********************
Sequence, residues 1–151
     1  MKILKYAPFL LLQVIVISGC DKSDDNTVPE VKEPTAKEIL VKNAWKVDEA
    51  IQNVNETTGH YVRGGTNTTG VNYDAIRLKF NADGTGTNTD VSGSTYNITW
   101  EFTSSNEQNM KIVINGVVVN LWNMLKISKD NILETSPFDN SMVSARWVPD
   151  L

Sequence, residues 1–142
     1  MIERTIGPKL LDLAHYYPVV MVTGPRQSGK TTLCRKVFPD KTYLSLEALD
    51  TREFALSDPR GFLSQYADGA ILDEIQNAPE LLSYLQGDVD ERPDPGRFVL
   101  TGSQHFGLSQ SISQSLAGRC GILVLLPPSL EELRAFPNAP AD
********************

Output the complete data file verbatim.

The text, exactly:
Sequence, residues 1–151
     1  MKILKYAPFL LLQVIVISGC DKSDDNTVPE VKEPTAKEIL VKNAWKVDEA
    51  IQNVNETTGH YVRGGTNTTG VNYDAIRLKF NADGTGTNTD VSGSTYNITW
   101  EFTSSNEQNM KIVINGVVVN LWNMLKISKD NILETSPFDN SMVSARWVPD
   151  L

Sequence, residues 1–142
     1  MIERTIGPKL LDLAHYYPVV MVTGPRQSGK TTLCRKVFPD KTYLSLEALD
    51  TREFALSDPR GFLSQYADGA ILDEIQNAPE LLSYLQGDVD ERPDPGRFVL
   101  TGSQHFGLSQ SISQSLAGRC GILVLLPPSL EELRAFPNAP AD